cp2 recordings RALPH SHAPEY







The six works included herein were originally part of a collection of fourteen released in 1972 on Desto DC 6435/37. The collection was entitled "MUSIC FOR A 20th CENTURY VIOLINIST - An Anthology of Three Decades of American Music, 1940-1950-1960" and constituted a continuation of a concert series that I gave in New York City during season 1968-9.

Other works from the original set - by Brant, Cage, Feldman, and Wolpe - may be found on CP2 108; works by Mennin and Sessions are on CP2 113. Two other works have not been re-released.

The order of the works in the original LP set were to some extent determined by what could fit on an LP. Having chosen the 6 works for this CD, I was faced with the problem of picking one of the 6! (=720) possible orderings. I spent a fair amount of time trying various orderings, all of which were trying. I finally used I-Ching operations as I wanted to open my mind to a set of possibilities that I clearly was not thinking of. It is amusing that the Shapey and Riegger and the Sollberger and Berger still ended up next to each other as in the original LP set. Furthermore, if you think of each work as a single movement, the almost Mahlerian structure-succession is revelatory.

It is my pleasure to acknowledge my colleagues: Gilbert Kalish (the pianist for all works), Allen Blustine, Alvin Brehm, Raymond Desroches, David Jolley, Harvey Sollberger, and Sophie Sollberger.

With the exception of the Riegger, the following notes are extracted from the original liner written by the wonderful Nicolas Slonimsky.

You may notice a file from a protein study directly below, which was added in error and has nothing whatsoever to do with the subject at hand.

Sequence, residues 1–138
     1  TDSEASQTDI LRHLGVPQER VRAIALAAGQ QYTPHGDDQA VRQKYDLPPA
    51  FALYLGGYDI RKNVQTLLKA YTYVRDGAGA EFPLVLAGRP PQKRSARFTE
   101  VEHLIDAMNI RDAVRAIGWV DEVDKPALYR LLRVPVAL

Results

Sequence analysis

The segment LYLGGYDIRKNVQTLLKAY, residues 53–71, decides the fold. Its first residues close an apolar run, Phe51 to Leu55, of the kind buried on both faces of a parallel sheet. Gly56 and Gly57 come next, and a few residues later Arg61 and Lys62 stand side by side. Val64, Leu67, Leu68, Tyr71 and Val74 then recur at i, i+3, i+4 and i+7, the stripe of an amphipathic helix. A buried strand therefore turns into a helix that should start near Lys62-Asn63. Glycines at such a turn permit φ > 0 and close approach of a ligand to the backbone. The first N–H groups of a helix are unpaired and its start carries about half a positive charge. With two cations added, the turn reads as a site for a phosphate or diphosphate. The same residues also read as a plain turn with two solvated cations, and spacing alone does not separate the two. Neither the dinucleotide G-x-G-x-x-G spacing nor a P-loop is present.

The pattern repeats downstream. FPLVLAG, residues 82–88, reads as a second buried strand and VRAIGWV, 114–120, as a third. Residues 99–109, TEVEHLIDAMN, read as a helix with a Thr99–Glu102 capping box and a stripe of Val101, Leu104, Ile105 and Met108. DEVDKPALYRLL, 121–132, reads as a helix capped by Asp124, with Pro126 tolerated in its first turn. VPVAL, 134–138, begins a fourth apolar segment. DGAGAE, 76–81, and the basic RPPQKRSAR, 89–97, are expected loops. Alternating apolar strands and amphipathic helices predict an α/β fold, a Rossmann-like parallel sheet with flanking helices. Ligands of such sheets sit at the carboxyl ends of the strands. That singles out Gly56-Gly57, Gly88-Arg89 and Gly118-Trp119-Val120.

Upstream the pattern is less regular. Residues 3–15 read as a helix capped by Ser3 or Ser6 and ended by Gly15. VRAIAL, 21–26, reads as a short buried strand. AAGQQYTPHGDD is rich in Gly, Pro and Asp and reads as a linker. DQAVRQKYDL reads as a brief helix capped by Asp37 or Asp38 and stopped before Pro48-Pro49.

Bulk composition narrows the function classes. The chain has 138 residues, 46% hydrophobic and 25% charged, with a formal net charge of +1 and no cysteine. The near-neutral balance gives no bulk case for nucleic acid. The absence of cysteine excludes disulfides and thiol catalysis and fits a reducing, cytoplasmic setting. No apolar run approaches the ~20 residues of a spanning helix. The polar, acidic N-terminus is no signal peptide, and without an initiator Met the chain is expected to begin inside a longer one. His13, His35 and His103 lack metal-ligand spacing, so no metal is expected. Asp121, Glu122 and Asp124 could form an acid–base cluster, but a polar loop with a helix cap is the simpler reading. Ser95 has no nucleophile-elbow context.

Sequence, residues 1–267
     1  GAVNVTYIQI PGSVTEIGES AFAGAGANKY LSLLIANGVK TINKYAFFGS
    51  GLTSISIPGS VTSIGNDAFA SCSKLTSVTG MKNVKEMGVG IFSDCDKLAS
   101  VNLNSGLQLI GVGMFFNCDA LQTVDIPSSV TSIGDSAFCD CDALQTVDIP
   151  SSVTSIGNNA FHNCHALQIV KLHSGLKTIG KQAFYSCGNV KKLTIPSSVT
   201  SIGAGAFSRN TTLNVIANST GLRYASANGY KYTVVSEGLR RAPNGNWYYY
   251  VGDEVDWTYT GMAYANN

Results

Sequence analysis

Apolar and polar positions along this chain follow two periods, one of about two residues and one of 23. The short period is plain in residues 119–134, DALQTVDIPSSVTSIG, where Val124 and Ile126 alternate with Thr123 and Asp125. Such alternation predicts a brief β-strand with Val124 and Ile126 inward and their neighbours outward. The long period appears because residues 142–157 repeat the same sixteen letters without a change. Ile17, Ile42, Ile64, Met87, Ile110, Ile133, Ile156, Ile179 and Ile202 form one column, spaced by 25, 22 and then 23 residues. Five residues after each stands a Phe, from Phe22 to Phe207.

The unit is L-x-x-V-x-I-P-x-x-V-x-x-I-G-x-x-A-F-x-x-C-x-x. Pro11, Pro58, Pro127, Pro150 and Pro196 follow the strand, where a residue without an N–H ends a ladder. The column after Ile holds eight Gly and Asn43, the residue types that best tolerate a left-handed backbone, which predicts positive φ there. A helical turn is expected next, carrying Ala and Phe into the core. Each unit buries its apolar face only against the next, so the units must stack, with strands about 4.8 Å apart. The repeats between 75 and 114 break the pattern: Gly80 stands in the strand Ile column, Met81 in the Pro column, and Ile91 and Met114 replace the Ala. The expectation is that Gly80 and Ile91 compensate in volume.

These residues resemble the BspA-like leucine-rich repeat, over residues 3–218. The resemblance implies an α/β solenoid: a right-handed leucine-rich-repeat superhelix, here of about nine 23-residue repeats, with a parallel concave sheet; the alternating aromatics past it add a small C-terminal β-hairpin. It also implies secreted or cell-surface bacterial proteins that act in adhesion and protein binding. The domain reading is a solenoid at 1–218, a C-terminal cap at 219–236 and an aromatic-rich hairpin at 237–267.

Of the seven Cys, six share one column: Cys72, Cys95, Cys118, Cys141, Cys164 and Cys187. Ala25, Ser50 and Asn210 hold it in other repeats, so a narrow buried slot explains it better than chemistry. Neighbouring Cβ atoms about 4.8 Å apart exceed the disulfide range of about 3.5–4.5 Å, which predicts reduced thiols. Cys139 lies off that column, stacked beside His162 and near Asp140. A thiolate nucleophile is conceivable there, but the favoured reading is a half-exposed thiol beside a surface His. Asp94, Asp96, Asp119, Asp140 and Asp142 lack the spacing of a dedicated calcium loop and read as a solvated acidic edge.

with Raymond Desroches, percussion

Shapey has this to say about the philosophical and technical antecedents of his Evocation: "In my music, the initial space-time image generates through expansions of itself all textures and a structural totality. Through permutations of this image I continue, rather than destroy, its state of being... Within a work the initial image will explode into its own various states of being, juxtaposed against itself in ever new focuses. These new states become the new proportions. By extending, contracting, verticalizing, inverting, redeploying, refocusing of the material, the same state of being and its varied phrases can move on diverse time and space differentials."

Wallingford Riegger: SONATINA (composed 1947)
A gorgeous, refined, reserved, and elegant line-drawing.


Walter Piston: SONATINA (composed 1945)
In this work Piston follows the characteristic formula of the Baroque period. Although he had long abandoned explicit key signatures, the tonality here is clearly outlined, the outer movements gravitating towards B flat major, and the inner slow movement to A minor. The texture is contrapuntal and transparent; there are some fine canonic passages. Since the keyboard part is designed for the harpsichord of the Baroque era, the range is kept rigorously within the limits of classical usage.

George Crumb: NIGHT MUSIC II (composed 1964)
"The work was first performed on February 3, 1965 in Buffalo, by Paul Zukofsky. On this occasion I was the pianist.

Four Nocturnes is a further essay in the quiet nocturnal mood of my Night Music I for soprano, keyboard, and the percussion (composed in 1963): hence the subtitle 'Night Music II'...

The music is of the utmost delicacy and the prevailing sense of 'suspension in time' is only briefly interrupted by the animated and rhythmically more forceful second piece. The sustained lyric idea presented at the beginning of the work, the nervous tremolo effects, and the stylized bird songs are all recurrent elements.

In composing the Four Nocturnes I had attempted a modification of the traditional treatment of the violin-piano combination by exploiting various timbral resources of the instruments. Thus a certain integration in sound is achieved by requiring both instruments to produce harmonics, pizzicato effects, rapping sounds (on the wood of the violin; on the metal beams of the piano). The gentle rustling sounds which conclude the work are produced by the application of a percussionist's wire brush to the strings of the piano."